Leading a physically active lifestyle has many benefits – healthy weight management, an efficient heart, healthy lungs, and an overall sense of well-being – but what about our brains? When people think about fitness, they generally focus on the external impact exercise has on their body image. Yet staying active is one of the biggest boosts you can give your brain.
Alzheimer’s Disease – a progressive disease of the brain that impacts memory, thinking and behaviour – affects 35 million people and their families around the world. The exact causes of Alzheimer’s are not known, but researchers have identified risk factors including aging, genetics and existing conditions associated with the disease. Symptoms of the disease usually develop slowly and can include loss of memory, difficulty with day-to-day tasks, and changes in mood and behaviour. Caring for someone with Alzheimer’s can also have a significant impact on the physical and emotional health of the caregiver.
As the number of people living with Alzheimer’s rises sharply each year, there is a huge push in the research community to identify effective prevention and treatment strategies. Recent research from the Ontario Brain Institute suggests a positive correlation between exercise and long-term brain health. The report discusses how “incorporating at least 30 minutes of physical activity, 3 times a week, can help to prevent Alzheimer’s symptoms and slow down or even reverse the process of deterioration.”
Exercise is a key part of maintaining good blood flow to the brain as it enhances your body’s circulation. Improved circulation means more oxygen gets to your brain, regardless of cognitive impairment. More oxygen slows brain tissue deterioration and encourages new brain cells to develop. Of course, the added bonus of regular exercise lies in its power to reduce stress, elevate mood, improve memory and boost energy. What more can you ask for?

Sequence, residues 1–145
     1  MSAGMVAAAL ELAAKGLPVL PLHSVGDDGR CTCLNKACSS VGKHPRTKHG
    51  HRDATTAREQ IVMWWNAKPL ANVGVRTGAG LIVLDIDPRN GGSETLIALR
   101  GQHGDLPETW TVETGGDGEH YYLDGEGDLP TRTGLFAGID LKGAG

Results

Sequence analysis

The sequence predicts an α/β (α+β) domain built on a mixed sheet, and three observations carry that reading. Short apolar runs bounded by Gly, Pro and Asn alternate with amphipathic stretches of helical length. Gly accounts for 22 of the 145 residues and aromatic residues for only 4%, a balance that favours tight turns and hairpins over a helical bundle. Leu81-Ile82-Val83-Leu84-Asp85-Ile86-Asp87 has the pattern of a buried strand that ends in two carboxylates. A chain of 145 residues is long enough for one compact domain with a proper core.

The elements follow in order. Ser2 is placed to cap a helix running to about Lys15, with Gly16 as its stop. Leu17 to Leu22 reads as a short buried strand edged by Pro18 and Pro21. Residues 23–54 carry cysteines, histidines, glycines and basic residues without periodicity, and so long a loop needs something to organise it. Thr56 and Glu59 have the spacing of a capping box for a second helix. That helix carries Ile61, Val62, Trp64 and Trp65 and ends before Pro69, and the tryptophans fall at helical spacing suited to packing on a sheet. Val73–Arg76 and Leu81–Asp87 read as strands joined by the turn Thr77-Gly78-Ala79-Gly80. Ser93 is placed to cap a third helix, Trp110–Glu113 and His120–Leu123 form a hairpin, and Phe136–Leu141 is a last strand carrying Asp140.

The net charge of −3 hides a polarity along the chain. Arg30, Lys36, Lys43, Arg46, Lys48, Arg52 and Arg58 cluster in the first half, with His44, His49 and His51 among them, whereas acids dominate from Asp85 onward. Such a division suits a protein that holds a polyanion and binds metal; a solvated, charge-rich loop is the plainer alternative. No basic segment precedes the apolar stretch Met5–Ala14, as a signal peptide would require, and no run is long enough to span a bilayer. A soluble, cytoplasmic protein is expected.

Add variety to your workout – You’re more likely to stay motivated and keep active if you’re interested. Try a new activity or rediscover one you haven’t done in a while. There are lots of activities to choose from like brisk walking, running, swimming, rollerblading, and dancing. Your body will thank you for the challenge.
Make small changes to your workout routine – Never underestimate the impact a small change can have on your overall health. Try taking the stairs one or two flights instead of the elevator. Or choose the farthest parking spot from your destination, so you can take in some more steps.
Exercise is a social activity – Make exercise fun by inviting your family members, friends and colleagues to check out a new fitness class, go for a brisk walk at lunch or after dinner. These fitness buddies will hold you accountable and make sure you stay committed. You’ll also find that this tip keeps boredom at bay and makes time pass quickly!
Commit to your fitness regime – Consider exercise as a priority. Include your daily walks and activities in your calendar to ensure that you make regular physical activity an essential part of your weekly routine. You can also try setting reminders on your computer or cell phone. This will help you avoid making excuses and keep you committed to a healthy active lifestyle!
Fitness Coach Connects keeps you on track with three free sessions with a professional Fitness Coach, Fitbit™ wireless activity tracker and an online program. Fitness Coach Connects is now available through your Employee and Family Assistance Program. For more information, call 1 866 833-7690 or visit workhealthlife.com.